Lotus participates in the Singapore Pen Show, sells out in record time.
Arun Singhi of Lotus Pens has every reason to be proud. The pen turner from Mumbai, often called the “most gifted among all those who make hand made fountain pens in India”, had a déjà vu moment in Singapore earlier this month when everything on his table at the Singapore Pen Show was sold out, even before the show came to an end. No mean feat, considering the facts that it was Lotus’ maiden participation in an overseas pen show and Arun Singhi was sceptical about attending the show in the first place. Besides, just before he left for the show, the Lotus facilities were inundated by flood waters causing massive damage to both machinery and finished products.
“It was Yusuf Mansoor who insisted that I attend – not so much for the business that he was sure we would generate, but more because he felt that we must represent India, show the world that we too make fountain pens in India that are capable of being placed next to the very best that the world has to offer. It is a matter of pride as an Indian that we have been able to win that accolade from the connoisseurs at the show, who lapped up the Lotus pens with the kind of alacrity that I had frankly not expected.”
The Singapore Pen Show was organised by Jeffery Lim and the SFPL at the Marina Mandarin on the 13th of July, 2019. In all, 23 tables were displayed at the show, in which names like Fook Hing and Aesthetic Bay were backed by a thriving community of local fountain pen lovers, the show also witnessed a footfall of over 2000 in its course.
As a matter of fact, so overwhelming was the response that Lotus has been swamped with requests to appoint a representative of the brand to make Arun Singhi’s handcrafted creations available to the fountain pen lovers in and around Singapore. Lotus is said to be actively considering the proposal from the connoisseurs, though Arun Singhi is tight lipped about specific plans. “We have a number of plans in the pipeline, though it is a bit premature to talk about them immediately. I will certainly keep you in the loop as we move forward from here” he said.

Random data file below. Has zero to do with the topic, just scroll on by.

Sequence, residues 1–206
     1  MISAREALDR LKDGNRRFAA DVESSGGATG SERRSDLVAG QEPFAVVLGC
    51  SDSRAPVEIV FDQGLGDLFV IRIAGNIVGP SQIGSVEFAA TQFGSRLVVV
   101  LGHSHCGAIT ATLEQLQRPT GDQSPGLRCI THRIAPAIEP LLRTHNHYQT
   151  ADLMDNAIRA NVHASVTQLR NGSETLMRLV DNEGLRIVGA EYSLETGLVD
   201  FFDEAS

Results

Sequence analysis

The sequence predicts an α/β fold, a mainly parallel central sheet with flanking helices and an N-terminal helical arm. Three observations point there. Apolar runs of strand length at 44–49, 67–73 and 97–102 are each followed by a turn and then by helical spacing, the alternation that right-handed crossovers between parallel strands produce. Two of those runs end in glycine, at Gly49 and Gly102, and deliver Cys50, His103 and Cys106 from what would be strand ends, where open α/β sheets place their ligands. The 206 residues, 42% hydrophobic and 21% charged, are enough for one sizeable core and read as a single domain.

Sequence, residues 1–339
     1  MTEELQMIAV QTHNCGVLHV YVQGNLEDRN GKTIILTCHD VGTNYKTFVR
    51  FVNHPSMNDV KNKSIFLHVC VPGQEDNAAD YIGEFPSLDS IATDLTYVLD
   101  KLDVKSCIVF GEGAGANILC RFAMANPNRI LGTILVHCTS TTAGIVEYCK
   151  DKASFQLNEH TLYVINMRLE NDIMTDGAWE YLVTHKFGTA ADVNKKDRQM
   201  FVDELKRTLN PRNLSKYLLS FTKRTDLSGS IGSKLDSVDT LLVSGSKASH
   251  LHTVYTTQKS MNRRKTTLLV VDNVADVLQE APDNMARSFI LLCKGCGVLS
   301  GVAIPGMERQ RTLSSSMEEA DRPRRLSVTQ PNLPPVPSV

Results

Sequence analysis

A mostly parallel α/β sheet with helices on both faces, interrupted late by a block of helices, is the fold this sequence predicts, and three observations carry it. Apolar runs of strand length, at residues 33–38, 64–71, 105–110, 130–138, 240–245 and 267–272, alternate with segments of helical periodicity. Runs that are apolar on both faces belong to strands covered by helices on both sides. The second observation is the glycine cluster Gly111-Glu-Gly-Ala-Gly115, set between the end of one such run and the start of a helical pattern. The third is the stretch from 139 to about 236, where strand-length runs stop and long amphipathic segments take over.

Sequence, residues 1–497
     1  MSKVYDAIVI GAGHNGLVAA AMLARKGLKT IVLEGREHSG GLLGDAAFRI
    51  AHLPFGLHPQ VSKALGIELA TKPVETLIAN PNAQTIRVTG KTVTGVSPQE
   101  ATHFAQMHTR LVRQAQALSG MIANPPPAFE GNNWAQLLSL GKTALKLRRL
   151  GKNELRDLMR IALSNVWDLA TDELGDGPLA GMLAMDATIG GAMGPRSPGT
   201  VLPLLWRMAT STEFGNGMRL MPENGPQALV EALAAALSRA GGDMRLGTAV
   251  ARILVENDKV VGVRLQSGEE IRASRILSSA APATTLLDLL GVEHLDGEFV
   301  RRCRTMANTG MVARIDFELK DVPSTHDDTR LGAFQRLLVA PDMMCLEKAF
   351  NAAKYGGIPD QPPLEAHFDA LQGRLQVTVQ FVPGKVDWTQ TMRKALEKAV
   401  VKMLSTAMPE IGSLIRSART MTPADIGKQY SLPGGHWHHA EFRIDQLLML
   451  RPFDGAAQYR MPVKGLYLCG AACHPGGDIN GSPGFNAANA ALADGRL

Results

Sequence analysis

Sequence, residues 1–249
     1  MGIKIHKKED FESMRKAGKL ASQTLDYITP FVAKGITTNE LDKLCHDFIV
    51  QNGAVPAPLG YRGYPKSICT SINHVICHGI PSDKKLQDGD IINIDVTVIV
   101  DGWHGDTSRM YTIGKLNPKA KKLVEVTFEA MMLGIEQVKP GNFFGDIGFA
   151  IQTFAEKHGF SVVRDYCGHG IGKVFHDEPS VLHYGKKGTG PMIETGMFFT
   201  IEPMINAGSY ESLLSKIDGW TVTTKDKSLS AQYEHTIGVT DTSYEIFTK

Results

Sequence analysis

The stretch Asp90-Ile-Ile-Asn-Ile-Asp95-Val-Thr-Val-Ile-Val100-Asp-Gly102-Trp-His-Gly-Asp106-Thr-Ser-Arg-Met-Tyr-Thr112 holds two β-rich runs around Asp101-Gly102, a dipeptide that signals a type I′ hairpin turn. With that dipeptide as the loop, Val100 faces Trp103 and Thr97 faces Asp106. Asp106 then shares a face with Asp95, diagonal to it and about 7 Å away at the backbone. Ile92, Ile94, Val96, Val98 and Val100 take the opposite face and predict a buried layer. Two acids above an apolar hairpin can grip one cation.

“The Singapore Show has been an eyeopener for me” gushes the master craftsman. “For one, it vindicated my belief in myself. We are at the right place and the way my passion for the fountain pen and my hard work to highlight Indian craftsmanship was appreciated in Singapore was a huge morale booster for me. It only confirmed my belief that as pen turners we are in no way inferior to the best in the world apart from strengthening my resolve to do even better in the future”.
“There is another valuable realisation that has dawned on me – Indian pens are aesthetically different from Japanese or European pens because of our cultural and artistic orientations. As a pen turner and as an Indian, it will be my wholehearted effort to work on and highlight this elusive Indianness in my work. Instead of blindly following the design elements of the pens that come to India from across the shores, it will be my sincere effort to seek and represent the Indian Soul in my pens so that they too can cross the seas and help unfurl the tricolour in distant shores, in discerning hearts.”
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